I know that dd can take the A-levels -- there is a location not too far from us where they are given -- but they look far too challenging for her, even though she will have taken two semesters of 200-level music theory at a 4-year college!

 

I am concerned that her background is weak enough (relative to British students -- her background is plenty strong enough for most American music schools) that even if she got accepted through SAT, SAT-2, and AP scores, she would not be able to do well at the college.

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Thanks.

 

I know that dd can take the A-levels -- there is a location not too far from us where they are given -- but they look far too challenging for her, even though she will have taken two semesters of 200-level music theory at a 4-year college!

 

I am concerned that her background is weak enough (relative to British students -- her background is plenty strong enough for most American music schools) that even if she got accepted through SAT, SAT-2, and AP scores, she would not be able to do well at the college.

 

If you are trying to work out whether to bother applying, I would contact a few universities and ask their advice. They may have had US students before and be able to talk you through the options. This is a table of music degrees with clickable links to the universities.

 

FWIW, British schools tend to have a 39-week year. An extra three weeks a year adds up to a whole extra year by the time pupils leave school. The discrepancy might be as simple as that.

 

Best wishes

 

Laura

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We have a couple schools in my city that offer Cambridge Exams (i.e. the British system) rather than the NZ system. What was surprising for me is that the IGCSE & A-level exams are each the result of TWO years of study. Here in schools that are using the Cambridge exams students study for IGCSEs in Years 10-11 (ages 14-15) & they study for their A-Levels in Years 12-13 (ages 16-17). AS-levels are taken after one year of study and are equal to aprox. half an A-Level exam, I believe, but Laura would know better exactly how they all work.

 

So comparing the British Ed. System (or most other ed. systems)& the American Ed. System is like comparing apples & oranges. They are both fruit, but are not anything similar to each other. I have heard that the British A-Levels are so far advanced that some American Universities credit students who have passed their A-levels with university credits. That is probably why university is only 3 years, along with the fact that students only take courses in their area of study, not general education courses that American Universities require.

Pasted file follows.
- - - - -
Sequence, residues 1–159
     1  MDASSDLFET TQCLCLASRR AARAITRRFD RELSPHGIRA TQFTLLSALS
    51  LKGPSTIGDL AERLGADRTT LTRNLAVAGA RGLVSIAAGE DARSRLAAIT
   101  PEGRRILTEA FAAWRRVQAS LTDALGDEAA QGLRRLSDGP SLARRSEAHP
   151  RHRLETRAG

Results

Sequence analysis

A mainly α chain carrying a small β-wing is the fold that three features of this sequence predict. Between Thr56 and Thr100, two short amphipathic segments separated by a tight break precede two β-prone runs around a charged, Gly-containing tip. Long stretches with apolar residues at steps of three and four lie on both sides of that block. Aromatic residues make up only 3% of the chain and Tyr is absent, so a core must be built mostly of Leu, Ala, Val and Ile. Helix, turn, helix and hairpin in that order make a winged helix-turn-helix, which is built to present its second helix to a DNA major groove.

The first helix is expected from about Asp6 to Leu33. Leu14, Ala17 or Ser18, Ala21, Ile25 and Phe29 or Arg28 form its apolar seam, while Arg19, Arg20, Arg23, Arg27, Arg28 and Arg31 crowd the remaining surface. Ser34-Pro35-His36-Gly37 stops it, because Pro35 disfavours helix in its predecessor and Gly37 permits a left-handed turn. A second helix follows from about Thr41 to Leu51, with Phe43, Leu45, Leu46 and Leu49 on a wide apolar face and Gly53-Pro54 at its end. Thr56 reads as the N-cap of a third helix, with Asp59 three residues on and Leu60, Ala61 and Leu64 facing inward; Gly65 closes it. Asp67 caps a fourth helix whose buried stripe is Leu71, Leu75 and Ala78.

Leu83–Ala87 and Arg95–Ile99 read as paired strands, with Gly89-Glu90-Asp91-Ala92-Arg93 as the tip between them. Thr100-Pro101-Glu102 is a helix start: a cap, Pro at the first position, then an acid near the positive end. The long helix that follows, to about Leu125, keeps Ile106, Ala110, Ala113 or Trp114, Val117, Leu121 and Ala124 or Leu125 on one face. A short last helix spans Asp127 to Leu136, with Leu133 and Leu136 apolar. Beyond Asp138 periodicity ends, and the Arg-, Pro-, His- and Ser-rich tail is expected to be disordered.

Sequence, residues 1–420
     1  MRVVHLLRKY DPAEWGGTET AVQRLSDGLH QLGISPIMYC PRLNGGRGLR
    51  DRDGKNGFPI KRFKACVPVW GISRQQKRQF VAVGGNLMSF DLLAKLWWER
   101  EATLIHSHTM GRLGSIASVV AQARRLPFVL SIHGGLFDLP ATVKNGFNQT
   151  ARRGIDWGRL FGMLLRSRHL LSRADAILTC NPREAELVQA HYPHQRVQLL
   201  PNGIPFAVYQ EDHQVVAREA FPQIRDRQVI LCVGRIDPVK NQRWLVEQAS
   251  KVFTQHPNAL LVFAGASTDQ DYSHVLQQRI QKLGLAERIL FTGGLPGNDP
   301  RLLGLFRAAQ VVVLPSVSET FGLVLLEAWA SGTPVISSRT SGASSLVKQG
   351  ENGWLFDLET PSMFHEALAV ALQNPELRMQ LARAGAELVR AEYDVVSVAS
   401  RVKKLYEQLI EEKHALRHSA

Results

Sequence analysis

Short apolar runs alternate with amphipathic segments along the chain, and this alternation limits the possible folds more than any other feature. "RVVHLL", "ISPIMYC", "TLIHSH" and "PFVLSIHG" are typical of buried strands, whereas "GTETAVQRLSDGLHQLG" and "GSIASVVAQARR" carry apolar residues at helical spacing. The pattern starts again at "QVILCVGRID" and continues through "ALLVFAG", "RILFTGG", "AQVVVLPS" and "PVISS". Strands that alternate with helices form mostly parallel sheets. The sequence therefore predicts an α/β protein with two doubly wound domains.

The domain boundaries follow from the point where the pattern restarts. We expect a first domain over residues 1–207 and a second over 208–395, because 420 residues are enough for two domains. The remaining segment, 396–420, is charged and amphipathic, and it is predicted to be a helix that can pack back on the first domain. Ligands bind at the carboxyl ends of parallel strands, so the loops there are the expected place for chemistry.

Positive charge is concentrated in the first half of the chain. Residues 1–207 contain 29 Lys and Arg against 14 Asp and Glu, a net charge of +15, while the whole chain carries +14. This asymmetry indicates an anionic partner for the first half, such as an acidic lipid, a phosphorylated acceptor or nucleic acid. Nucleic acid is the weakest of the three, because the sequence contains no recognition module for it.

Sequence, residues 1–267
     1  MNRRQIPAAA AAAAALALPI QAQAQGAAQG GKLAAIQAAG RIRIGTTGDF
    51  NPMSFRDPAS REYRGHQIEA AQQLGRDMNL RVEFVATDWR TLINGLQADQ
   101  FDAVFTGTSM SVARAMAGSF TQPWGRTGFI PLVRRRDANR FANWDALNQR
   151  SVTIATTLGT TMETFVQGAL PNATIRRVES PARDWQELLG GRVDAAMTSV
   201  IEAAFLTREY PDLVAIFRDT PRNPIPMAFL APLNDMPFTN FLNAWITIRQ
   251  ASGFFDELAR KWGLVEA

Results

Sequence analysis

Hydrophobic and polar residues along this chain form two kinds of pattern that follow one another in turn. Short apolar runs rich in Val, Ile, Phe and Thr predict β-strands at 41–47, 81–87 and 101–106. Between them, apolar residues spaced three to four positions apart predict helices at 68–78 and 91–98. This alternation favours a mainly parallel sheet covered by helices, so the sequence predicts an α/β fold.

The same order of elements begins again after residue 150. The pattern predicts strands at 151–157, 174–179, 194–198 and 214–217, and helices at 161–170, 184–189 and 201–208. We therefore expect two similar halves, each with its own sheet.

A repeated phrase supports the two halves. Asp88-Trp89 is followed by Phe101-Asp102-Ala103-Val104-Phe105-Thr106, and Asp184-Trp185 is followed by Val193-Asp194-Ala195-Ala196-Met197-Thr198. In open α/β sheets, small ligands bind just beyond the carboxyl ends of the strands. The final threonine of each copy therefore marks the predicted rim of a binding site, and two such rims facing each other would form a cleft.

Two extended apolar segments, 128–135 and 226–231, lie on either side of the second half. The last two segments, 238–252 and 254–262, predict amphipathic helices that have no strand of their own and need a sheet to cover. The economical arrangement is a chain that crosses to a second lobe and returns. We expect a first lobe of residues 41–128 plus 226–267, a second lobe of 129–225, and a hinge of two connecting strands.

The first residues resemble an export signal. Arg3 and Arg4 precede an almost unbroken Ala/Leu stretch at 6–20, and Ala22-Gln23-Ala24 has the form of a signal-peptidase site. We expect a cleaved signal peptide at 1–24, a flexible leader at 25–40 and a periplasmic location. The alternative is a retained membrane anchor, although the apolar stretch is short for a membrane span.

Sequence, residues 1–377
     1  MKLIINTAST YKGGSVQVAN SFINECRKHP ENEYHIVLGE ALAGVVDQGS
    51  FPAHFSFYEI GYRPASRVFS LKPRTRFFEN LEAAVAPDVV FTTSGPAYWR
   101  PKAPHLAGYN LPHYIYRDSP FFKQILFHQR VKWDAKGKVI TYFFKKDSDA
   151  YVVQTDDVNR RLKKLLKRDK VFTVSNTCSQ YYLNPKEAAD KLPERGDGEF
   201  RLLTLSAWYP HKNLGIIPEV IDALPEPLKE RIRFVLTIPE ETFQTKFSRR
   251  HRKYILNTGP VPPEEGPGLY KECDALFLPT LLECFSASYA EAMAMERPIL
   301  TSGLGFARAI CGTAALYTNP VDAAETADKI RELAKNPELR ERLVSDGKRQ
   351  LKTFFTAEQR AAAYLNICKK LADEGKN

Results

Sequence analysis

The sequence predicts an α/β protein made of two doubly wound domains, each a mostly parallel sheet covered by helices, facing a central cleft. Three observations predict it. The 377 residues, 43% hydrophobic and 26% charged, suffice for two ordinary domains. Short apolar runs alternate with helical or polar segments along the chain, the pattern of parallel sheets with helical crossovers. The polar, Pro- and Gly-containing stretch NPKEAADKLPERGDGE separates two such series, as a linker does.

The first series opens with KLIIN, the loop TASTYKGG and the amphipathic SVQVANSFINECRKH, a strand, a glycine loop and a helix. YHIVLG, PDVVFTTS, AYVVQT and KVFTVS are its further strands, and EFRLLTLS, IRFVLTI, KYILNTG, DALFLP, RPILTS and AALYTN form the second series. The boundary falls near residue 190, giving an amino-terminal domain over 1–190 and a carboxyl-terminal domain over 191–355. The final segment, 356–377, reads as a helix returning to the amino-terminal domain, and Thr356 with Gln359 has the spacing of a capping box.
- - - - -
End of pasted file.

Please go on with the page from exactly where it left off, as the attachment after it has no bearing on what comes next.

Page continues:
JMHO,

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Here in schools that are using the Cambridge exams students study for IGCSEs in Years 10-11 (ages 14-15) & they study for their A-Levels in Years 12-13 (ages 16-17). AS-levels are taken after one year of study and are equal to aprox. half an A-Level exam...

 

In Singapore, O levels are taken at Grade 10, A and AS levels are taken at Grade 12. The AS level papers are used for scholarship application purposes.

 

We "specialise" at grade 9 so a STEM student can take english, 2nd language, math, additional math, pure biology, pure physics and pure chemistry for O levels. And not take any humanities subject. Literature, history and geography are optional from grade 9.

 

Grade 11 and 12 is when we mugged for our A level subjects which for a STEM student could be two math, two science or one math, three science. We also take General Paper and 2nd language as AO subjects.

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We have a couple schools in my city that offer Cambridge Exams (i.e. the British system) rather than the NZ system. What was surprising for me is that the IGCSE & A-level exams are each the result of TWO years of study. Here in schools that are using the Cambridge exams students study for IGCSEs in Years 10-11 (ages 14-15) & they study for their A-Levels in Years 12-13 (ages 16-17). AS-levels are taken after one year of study and are equal to aprox. half an A-Level exam, I believe, but Laura would know better exactly how they all work.